Category: Bayesian Analysis

uncertainty in the ABC posterior

In the most recent Bayesian Analysis, Marko Järvenpää et al. (including my coauthor Aki Vehtari) consider an ABC setting where the number of available simulations of pseudo-samples  is limited. And where they want to quantify the amount of uncertainty resulting from the estimation of the ABC posterior density. Which is a version of the Monte […]

the most probable cluster

In the last issue of Bayesian Analysis, Lukasz Rajkowski studies the most likely (MAP) cluster associated with the Dirichlet process mixture model. Reminding me that most Bayesian estimates of the number of clusters are not consistent (when the sample size grows to infinity). I am always puzzled by this problem, as estimating the number of […]

Bayesian conjugate gradients [open for discussion]

When fishing for an illustration for this post on Google, I came upon this Bayesian methods for hackers cover, a book about which I have no clue whatsoever (!) but that mentions probabilistic programming. Which serves as a perfect (?!) introduction to the call for discussion in Bayesian Analysis of the incoming Bayesian conjugate gradient […]

from tramway to Panzer (or back!)…

Although it is usually presented as the tramway problem, namely estimating the number of tram or bus lines in a city given observing one line number, including The Bayesian Choice by yours truly, the original version of the problem is about German tanks, Panzer V tanks to be precise, which total number M was to […]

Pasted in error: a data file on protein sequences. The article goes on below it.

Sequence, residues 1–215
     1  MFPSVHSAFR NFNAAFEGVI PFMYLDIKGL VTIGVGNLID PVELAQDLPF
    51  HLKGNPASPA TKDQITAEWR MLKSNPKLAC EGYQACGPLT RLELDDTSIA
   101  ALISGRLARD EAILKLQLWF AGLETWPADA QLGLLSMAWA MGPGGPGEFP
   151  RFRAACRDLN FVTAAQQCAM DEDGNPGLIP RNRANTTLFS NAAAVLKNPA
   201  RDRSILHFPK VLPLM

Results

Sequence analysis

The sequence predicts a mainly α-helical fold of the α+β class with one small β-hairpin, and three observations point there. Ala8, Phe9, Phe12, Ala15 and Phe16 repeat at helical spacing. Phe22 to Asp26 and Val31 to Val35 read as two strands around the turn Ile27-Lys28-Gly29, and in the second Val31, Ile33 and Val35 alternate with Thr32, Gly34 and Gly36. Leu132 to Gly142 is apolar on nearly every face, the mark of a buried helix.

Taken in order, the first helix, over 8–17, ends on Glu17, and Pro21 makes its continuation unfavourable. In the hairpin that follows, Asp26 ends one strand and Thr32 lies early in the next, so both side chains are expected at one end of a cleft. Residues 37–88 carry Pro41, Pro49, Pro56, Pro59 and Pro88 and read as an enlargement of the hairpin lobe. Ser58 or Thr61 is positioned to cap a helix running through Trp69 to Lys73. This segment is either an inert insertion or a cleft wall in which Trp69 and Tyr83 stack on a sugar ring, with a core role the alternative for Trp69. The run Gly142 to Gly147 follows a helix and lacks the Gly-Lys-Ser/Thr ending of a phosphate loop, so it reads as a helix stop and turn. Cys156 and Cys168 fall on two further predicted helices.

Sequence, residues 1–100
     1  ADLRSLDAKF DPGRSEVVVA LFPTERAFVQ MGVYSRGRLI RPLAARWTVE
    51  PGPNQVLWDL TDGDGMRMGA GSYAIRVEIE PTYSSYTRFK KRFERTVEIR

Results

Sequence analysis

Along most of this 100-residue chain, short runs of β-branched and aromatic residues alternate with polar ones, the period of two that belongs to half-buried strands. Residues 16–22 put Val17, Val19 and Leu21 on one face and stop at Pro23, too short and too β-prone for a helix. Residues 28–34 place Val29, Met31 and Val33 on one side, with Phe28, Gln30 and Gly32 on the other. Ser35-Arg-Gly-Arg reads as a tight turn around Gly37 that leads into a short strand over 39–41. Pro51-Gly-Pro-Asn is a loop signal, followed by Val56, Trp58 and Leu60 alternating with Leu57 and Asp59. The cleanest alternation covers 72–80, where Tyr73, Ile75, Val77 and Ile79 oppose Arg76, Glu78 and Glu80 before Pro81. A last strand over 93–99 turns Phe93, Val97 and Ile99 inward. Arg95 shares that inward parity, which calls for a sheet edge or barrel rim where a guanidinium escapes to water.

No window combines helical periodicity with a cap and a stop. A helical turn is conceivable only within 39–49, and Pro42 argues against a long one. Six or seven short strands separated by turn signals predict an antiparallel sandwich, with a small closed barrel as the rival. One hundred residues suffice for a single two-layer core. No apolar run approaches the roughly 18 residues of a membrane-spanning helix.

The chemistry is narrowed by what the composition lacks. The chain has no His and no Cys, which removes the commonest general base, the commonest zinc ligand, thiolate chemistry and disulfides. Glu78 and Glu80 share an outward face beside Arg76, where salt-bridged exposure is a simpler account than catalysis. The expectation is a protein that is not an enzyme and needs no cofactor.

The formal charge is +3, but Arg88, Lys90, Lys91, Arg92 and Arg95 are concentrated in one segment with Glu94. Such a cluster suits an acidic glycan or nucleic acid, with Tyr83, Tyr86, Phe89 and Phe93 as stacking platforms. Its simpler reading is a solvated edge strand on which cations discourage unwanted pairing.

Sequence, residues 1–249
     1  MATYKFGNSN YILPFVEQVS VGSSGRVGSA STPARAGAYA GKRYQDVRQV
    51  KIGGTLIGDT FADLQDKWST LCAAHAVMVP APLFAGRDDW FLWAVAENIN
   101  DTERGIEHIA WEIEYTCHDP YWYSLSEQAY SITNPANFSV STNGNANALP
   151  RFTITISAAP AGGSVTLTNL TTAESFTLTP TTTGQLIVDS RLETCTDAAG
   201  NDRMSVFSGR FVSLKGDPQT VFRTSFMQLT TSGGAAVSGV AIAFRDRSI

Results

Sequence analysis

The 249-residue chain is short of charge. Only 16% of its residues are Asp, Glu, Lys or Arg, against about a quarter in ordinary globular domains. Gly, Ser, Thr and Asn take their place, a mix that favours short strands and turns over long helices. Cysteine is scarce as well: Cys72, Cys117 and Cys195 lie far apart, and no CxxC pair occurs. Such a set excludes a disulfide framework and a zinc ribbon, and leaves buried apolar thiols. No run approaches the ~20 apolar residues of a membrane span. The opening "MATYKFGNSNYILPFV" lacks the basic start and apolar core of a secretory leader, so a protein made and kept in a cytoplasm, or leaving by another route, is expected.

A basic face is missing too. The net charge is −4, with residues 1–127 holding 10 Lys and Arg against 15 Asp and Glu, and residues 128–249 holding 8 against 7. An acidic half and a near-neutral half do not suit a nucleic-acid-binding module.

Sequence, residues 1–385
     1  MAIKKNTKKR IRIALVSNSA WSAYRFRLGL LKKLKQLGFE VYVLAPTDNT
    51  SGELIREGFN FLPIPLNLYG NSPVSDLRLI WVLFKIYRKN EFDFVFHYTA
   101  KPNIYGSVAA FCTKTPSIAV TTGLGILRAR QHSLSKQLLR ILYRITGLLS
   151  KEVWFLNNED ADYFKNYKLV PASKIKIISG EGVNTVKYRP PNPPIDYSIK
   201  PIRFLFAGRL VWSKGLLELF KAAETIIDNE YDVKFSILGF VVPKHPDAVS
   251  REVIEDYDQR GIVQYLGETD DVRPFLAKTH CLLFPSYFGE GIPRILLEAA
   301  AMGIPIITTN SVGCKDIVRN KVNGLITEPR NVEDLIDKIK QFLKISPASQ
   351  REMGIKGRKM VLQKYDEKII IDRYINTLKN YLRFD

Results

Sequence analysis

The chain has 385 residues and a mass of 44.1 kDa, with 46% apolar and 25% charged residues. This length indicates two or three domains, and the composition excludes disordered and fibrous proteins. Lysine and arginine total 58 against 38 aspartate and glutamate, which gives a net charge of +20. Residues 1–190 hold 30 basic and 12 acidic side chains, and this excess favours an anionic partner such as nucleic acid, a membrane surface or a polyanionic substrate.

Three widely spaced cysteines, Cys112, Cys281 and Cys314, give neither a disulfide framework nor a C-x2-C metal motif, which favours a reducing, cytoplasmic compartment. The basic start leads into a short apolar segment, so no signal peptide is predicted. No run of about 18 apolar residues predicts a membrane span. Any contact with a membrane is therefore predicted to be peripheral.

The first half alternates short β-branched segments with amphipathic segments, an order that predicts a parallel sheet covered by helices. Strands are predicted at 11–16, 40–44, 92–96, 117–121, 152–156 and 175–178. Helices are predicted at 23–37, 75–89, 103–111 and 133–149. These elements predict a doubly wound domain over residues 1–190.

leave Bayes factors where they once belonged

In the past weeks I have received and read several papers (and X validated entries)where the Bayes factor is used to compare priors. Which does not look right to me, not on the basis of my general dislike of Bayes factors!, but simply because this seems to clash with the (my?) concept of Bayesian model […]

Bayesian intelligence in Warwick

This is an announcement for an exciting CRiSM Day in Warwick on 20 March 2019: with speakers 10:00-11:00 Xiao-Li Meng (Harvard): “Artificial Bayesian Monte Carlo Integration: A Practical Resolution to the Bayesian (Normalizing Constant) Paradox” 11:00-12:00 Julien Stoehr (Dauphine): “Gibbs sampling and ABC” 14:00-15:00 Arthur Ulysse Jacot-Guillarmod (École Polytechnique Fedérale de Lausanne): “Neural Tangent Kernel: […]

Bayesian intelligence in Warwick

This is an announcement for an exciting CRiSM Day in Warwick on 20 March 2019: with speakers 10:00-11:00 Xiao-Li Meng (Harvard): “Artificial Bayesian Monte Carlo Integration: A Practical Resolution to the Bayesian (Normalizing Constant) Paradox” 11:00-12:00 Julien Stoehr (Dauphine): “Gibbs sampling and ABC” 14:00-15:00 Arthur Ulysse Jacot-Guillarmod (École Polytechnique Fedérale de Lausanne): “Neural Tangent Kernel: […]

statistics in Nature [a tale of the two Steves]

In the 29 November issue of Nature, Stephen Senn (formerly at Glasgow) wrote an article about the pitfalls of personalized medicine, for the statistics behind the reasoning are flawed. “What I take issue with is the de facto assumption that the differential response to a drug is consistent for each individual, predictable and based on […]